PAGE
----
Brick workouts, combining a run and a bike, are a necessity for duathlon training. A ride of 1.5 to 3 hours followed by a 20- to 40-minute run simulates the latter portions of the race. Runs of more than 60 minutes after a bike ride are not necessary for race preparation. Use the run as a chance to help your legs adapt to the final run of a duathlon. Everybody remembers the first time they ran after hopping off their bike, and it isn't a good memory. Regular brick workouts will nearly eliminate that feeling.

Also include a few brick workouts that include a 30-minute run immediately before your ride. Four weeks out from the race do a race simulation – an easy 30-minute run followed by a two-hour bike and then another 30-minute run. Include 30 minutes at race pace at the end of your bike and do the first 15 minutes of the second run at goal pace.

Long workouts are crucial to success at this distance. Long runs of 80 to 120 minutes should be done consistently, but not necessarily every week. Three long runs in a period of four or five weeks are adequate to build endurance without beating up your body. More advanced athletes should try finishing their long runs with 20 to 30 minutes of medium-effort pace. Long bike rides of two to four hours can be combined into your brick workouts or done separately. Your long workouts also provide a great opportunity to test race day nutrition.

Race Strategy

Without a good race day strategy all your careful planning and training will be wasted. Here's how to develop a strategy.

Break the race into its three obvious parts – the first run, bike, and second run. Look at the first run as a prelude to the race, and nothing else. A bad first run can ruin your race. A smart first run will set you up for success. If the race begins with a 10k, set a goal pace that is two to four minutes slower than what you could run in a 10k running race. Figure out the pace per mile and stick to it. You will finish the first 10k feeling strong, confident, and ready for a good bike ride. Losing 30 seconds in your first run by going too slow will be meaningless by the end of the race. But running 30 seconds too fast may deplete your energy stores, overly fatigue your muscles, and cost more time later on.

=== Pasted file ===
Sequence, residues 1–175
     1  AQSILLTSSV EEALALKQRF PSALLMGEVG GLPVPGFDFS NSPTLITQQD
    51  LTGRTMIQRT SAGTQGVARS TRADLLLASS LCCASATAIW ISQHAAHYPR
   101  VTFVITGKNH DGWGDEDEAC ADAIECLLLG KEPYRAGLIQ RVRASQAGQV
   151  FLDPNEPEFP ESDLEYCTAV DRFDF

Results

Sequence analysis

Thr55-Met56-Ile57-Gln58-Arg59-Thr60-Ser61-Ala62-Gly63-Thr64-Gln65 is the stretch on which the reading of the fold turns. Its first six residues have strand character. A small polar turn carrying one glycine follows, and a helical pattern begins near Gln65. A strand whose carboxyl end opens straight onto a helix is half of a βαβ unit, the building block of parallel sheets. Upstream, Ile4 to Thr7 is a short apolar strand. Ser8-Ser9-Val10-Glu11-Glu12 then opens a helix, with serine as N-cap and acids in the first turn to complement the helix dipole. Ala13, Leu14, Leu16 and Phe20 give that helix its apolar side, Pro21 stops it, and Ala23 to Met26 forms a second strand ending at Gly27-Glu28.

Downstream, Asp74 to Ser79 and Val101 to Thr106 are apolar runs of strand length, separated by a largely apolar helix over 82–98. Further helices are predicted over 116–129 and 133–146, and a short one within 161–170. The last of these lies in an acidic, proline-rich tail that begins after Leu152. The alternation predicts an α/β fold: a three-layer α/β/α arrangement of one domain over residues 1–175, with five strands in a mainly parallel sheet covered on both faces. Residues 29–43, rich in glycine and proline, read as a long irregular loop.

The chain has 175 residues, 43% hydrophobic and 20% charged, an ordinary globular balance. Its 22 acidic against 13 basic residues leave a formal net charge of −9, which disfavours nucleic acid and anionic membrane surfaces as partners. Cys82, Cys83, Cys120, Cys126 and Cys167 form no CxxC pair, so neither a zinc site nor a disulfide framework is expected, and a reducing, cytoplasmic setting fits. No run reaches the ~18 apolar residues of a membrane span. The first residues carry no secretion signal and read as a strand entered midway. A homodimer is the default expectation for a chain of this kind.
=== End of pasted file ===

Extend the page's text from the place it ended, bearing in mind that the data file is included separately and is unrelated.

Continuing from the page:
After a smooth transition the all-important bike leg comes next. You will spend significantly more time on your bike than running, so this is the most important leg. Again, pacing is key, and so is nutrition. Monitor your power output throughout. A constant power output should feel relatively easy in the first quarter of the race and then get progressively harder. Heavy breathing or heavy legs early in the bike is a sign to back off. Plan on ingesting 300 to 400 calories per hour – closer to 300 for a shorter race (less than three hours) and closer to 400 for a longer race. These numbers assume someone who is 140 to 175 pounds. Bigger athletes may need more calories and smaller athletes fewer.

The final run is the toughest part. A lot of time can be lost here, but you've trained properly and followed your race plan. If you began with a 10k and finish with a 10k, expect your time to be two to five minutes slower on the last 10k. As good as you may feel in the first 5k of the last run, don't forget to take in fluids and calories, especially if it is hot. You can go from feeling great to feeling awful in a matter of minutes.

After you finish cross the line congratulate yourself. You finished a tough race. That same day write down your thoughts on the race – the good and the bad, nutrition, how to improve, etc. Then save those notes and review them when you prepare for your next race. And don't forget to take time to recover. Regardless of how good you think you feel, it takes a full week to recover from a duathlon of this distance. Refrain from hard training for seven days.

Joe Friel is the author of The Triathlete's Training Bible. Eric Schwartz is a pro duathlete and the editor of Duathlon.com. Both are Ultrafit coaches.

Sample Build Week for Long-Course Duathlon

Monday – Day off
Tuesday – 50-minute run with 30 minutes at medium effort
Wednesday – Recovery day: 30-minute run and 90-minute bike
Thursday – 90-minute bike with 20 minutes at medium effort
Friday – Recovery day: 30-minute run and 90-minute bike
Saturday – Brick workout – 1.5-3 hour ride with 5X6-minute intervals followed by 30-minute run
Sunday – Long aerobic run (80-120 minutes) or long aerobic ride (2-4 hours)